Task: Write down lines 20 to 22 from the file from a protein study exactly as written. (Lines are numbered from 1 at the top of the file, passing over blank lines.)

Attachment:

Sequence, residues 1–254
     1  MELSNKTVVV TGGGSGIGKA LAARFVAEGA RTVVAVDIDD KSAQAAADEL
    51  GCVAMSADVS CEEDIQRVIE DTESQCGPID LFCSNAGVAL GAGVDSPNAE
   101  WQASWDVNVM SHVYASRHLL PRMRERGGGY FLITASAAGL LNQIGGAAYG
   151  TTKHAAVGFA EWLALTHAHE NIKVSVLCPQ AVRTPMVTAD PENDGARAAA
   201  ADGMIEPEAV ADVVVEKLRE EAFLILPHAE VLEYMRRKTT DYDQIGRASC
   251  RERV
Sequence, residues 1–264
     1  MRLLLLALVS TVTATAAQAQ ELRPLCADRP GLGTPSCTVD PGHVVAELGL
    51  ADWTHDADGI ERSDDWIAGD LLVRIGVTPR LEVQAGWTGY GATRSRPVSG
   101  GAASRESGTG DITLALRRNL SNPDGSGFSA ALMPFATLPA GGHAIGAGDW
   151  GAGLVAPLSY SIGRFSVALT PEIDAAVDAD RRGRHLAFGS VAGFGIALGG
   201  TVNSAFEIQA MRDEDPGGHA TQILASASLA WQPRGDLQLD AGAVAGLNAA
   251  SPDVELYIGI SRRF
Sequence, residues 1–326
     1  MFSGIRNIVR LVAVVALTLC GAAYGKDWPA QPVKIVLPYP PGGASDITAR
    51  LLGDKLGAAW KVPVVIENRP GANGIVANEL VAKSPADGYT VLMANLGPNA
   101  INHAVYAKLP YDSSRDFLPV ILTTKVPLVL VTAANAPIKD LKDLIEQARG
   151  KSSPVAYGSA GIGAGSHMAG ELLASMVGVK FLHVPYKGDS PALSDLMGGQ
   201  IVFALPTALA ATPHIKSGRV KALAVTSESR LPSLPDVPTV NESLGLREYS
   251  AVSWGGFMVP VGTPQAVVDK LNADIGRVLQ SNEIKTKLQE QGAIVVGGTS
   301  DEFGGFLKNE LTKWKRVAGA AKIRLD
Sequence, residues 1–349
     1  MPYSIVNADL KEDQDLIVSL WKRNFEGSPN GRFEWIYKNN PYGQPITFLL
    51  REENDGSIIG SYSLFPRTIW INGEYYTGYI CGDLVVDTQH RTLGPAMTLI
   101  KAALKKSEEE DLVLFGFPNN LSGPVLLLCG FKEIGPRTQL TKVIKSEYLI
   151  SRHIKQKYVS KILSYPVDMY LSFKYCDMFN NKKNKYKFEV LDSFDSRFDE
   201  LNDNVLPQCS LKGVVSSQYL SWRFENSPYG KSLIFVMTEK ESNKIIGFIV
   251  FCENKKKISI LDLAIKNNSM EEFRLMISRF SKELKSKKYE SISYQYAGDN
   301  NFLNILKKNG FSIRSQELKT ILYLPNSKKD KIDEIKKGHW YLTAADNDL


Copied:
   201  IVFALPTALA ATPHIKSGRV KALAVTSESR LPSLPDVPTV NESLGLREYS
   251  AVSWGGFMVP VGTPQAVVDK LNADIGRVLQ SNEIKTKLQE QGAIVVGGTS
   301  DEFGGFLKNE LTKWKRVAGA AKIRLD